Somewhere in the North Sea off the east coast of Scotland, near Buchan Ness,
lie the unmarked remains of the original Kalmar Nyckel, one of the great ships of the 17th century.
In the service of the Dutch after a long and legendary career under the Swedish flag, she was sunk
by an English fleet on 22 July 1652 in the opening engagement of what would be called the First Anglo-Dutch War.
Flying Dutch colors as the Kalmar Sleutel, she had come full circle. A workhorse of a ship since being launched in Amsterdam in 1627,
she would end her career with the people who had built her twenty-five years earlier.
After decades of guesswork and speculation, new research in the archives in the Netherlands
and Sweden has revealed more details and allows us to complete the missing last chapter in the career of this remarkable ship,
the final year when the Kalmar Nyckel left
Swedish service until her ultimate demise fighting for the Dutch off Scotland in 1652.
Epitaph for an Exceptional Ship by Sam Heed and Jordi Noort, Kalmar Nyckel Foundation Today’s replica Kalmar Nyckel, the official Tall Ship of Delaware, was launched in Wilmington, Delaware, in 1997.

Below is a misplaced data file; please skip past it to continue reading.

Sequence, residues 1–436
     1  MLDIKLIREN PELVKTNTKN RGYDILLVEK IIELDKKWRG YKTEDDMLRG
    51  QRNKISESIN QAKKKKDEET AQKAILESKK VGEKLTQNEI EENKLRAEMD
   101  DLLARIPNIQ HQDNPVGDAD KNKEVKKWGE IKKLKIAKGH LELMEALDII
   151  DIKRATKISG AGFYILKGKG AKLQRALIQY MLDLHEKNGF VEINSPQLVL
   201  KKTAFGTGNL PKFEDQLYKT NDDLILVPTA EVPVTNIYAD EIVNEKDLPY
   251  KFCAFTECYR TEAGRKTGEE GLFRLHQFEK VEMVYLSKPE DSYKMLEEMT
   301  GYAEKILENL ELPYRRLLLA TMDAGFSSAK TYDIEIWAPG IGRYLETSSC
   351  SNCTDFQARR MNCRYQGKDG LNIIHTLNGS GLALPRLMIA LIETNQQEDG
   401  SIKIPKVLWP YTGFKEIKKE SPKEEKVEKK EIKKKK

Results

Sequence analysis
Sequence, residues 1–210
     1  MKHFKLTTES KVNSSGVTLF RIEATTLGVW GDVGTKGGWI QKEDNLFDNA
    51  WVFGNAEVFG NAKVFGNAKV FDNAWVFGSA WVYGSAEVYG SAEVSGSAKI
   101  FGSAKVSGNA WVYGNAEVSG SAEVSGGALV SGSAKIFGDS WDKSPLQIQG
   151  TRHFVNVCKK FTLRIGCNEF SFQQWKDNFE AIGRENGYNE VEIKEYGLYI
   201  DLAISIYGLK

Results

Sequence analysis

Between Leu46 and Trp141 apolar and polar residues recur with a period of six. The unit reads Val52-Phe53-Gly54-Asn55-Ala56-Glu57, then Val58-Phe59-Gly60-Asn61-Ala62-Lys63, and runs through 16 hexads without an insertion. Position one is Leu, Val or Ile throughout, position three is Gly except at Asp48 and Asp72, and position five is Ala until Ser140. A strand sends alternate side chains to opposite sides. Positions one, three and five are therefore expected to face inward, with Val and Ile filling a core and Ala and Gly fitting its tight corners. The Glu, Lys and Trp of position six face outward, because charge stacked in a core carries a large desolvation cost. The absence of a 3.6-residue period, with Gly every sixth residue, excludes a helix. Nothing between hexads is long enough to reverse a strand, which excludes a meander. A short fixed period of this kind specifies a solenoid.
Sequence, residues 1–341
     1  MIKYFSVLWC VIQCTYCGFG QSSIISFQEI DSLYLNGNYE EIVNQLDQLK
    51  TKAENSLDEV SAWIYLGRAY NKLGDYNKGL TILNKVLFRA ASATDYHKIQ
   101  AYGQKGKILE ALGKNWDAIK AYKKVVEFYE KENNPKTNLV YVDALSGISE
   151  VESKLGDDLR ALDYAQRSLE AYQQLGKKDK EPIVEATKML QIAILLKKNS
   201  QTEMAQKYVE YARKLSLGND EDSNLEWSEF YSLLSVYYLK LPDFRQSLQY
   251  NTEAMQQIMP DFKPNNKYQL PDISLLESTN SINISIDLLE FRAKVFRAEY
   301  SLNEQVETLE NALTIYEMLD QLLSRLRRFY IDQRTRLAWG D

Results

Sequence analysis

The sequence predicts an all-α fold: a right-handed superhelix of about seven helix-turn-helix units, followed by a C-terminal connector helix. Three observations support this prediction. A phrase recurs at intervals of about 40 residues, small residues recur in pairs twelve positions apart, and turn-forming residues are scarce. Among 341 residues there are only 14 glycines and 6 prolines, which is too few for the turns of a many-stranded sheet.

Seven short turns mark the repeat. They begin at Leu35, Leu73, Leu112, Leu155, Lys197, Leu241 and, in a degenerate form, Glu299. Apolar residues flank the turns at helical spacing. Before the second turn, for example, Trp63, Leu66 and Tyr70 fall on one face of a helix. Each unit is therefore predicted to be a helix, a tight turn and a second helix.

Built, owned, and operated by the Kalmar Nyckel Foundation, the ship serves as a floating classroom
and inspirational platform for a broad array of sea- and land-based educational programs that reach 30,000 people a year.
courtesy sjöfartsmuseet akvariet photo by andrew hanna, courtesy kalmar nyckel foundation SEA HISTORY 174, SPRING 2021 31 Unlocking “The Key” After twenty-two years of distinguished service to the Swedish Realm,
Kalmar Nyckel (“Key of Kalmar”) was decommissioned on 19 June 1651 by order of Queen Christina and sold to a private merchant.
A Swedish Admiralty inspection determined that she would not be sound enough to cross the Atlantic for a fifth time as a colonial ship for New Sweden.
The buyer was Cornelis Roelofsen, a Dutch merchant living in Stockholm and known to members
For more information: หวยฮานอย